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    GR mouthpieces
    What are those?

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    Click on the "Northern Brass" ad at the top of the page. It's all explained in there. Bruce Lee would be more than happy to discuss them with you. In short, however, it is a mouthpiece design which is founded in digital technology and (as I understand it) uses entirely "radiused" intersections between the backbore taper and the bore, the bore to the final cup, etc. so that it plays "more efficiently" and is more reliably reproducible than "ye olden mouthpieces" which are generally modelled on a shaped cutting tool. But...talk to Bruce.

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    Utimate User trickg's Avatar
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    Patrick Gleason

    "What we do in life echoes in eternity"
    "At my signal, unleash hell."
    - Maximus Decimus Meridius

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    Thanks for the insight/information.

    Wow! How to pick the right mouthpiece? So many variables to choose from? How do you decide?

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    You talk to Bruce Lee. They use a form on which you "as honestly as you can", complete the required information. From there they take a "position" on where your playing is at now...where you want it to go, what kind of horn you play, what experiences with other mouthpieces you have had, and then "dial in" what you "probably" could work with. For most people this works very well but you have to be absolutely honest when answering the questions.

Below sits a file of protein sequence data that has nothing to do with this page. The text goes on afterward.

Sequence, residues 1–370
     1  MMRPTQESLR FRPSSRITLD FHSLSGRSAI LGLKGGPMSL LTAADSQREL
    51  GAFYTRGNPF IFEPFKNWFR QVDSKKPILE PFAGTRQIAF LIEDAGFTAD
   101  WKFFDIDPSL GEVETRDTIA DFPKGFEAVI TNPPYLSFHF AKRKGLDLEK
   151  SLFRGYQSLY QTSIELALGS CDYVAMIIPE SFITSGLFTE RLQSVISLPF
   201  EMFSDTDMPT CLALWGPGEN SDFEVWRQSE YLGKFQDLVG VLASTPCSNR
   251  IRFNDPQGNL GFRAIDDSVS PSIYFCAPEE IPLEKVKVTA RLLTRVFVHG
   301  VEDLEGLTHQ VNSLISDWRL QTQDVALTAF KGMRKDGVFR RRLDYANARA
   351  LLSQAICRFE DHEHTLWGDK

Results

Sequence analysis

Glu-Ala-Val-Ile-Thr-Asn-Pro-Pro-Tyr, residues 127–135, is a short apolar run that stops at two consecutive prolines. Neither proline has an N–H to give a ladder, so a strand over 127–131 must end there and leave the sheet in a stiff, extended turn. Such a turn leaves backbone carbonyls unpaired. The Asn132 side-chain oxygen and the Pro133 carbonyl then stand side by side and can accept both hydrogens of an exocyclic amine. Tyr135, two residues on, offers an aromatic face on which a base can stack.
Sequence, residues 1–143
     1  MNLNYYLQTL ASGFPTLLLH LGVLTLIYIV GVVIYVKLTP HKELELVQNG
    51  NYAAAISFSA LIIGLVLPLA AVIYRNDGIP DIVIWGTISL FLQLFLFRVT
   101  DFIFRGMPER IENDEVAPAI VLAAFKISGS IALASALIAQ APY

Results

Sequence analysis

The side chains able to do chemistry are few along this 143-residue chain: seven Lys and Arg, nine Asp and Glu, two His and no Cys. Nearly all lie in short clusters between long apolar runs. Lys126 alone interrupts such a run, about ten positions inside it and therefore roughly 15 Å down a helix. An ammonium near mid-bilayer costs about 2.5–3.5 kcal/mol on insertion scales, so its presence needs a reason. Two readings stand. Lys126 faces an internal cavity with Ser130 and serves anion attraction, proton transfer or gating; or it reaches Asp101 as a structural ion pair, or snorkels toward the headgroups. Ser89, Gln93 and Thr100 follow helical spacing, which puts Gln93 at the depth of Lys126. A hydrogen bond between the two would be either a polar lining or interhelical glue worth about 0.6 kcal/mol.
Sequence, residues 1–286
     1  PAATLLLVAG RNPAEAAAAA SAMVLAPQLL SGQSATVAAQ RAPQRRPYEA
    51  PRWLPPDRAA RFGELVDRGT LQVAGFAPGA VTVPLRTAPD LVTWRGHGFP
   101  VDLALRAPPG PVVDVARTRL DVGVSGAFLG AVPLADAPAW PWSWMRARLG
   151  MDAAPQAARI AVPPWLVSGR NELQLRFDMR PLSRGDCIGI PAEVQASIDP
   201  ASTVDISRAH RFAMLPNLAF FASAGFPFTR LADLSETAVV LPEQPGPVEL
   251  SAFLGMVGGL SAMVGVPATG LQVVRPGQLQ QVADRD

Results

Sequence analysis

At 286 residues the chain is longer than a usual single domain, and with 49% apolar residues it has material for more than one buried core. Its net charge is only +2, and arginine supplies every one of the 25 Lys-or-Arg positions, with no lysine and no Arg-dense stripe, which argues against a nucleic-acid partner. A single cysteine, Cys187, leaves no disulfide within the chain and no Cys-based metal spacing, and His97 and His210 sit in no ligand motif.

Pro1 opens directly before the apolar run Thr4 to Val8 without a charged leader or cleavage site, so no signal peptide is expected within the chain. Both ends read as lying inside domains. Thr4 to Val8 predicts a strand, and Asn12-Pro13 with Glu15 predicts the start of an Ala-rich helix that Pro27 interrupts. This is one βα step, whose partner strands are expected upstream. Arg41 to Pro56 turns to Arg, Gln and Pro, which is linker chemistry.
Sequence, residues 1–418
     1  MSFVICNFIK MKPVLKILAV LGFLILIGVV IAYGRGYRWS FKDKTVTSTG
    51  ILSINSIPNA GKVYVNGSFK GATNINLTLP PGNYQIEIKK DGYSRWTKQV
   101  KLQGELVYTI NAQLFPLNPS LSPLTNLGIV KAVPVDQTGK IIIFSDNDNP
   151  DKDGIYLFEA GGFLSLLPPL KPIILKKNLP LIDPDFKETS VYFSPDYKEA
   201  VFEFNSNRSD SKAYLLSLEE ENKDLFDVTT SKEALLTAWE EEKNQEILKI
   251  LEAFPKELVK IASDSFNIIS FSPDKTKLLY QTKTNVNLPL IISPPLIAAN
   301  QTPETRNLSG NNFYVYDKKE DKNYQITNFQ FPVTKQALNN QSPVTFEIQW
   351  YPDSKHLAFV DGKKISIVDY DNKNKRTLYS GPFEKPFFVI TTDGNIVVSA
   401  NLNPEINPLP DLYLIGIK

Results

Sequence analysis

In my case I was tired of intonation problems (but loved the sound) of a Dennis Wick cornet mouthpiece on my Getzen Eterna. So I got in touch with Ted Sparks and ended up buying a Sparx #4 cornet piece (GR makes cornet pieces for him using their CAD/CAM programs and machines). After a couple of months I was so happy with it that I decided that maybe they had something that would work for me on trumpet as well. I had been playing a Warburton setup but had a couple of "issues" with it. I talked to Bruce, told him the situation. He recommended the 66*** as having the rim, alpha angle, etc. most like the Sparx #4 and that would be most likely able to "take me where I wanted to go" in terms of range, etc.

    I bought it. It works. No more mouthpiece swapping between 3rd parts and 1st parts. Wanna buy some Warburton bits?

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    Before I get too far ahead of myself, I'll play/use the mouthpiece that will come with the Kanstul trumpets.

    Wayne Bergeron model ZKT1600 & CHI1001 Chicago are the ones that Priscilla will be sending to me.

    After I decide which one I am keeping, and get back into the swing of things, I may be better able to shop for a mouthpiece (if I decide I do need one).

    Thanks for sharing the knowledge you responders have shared.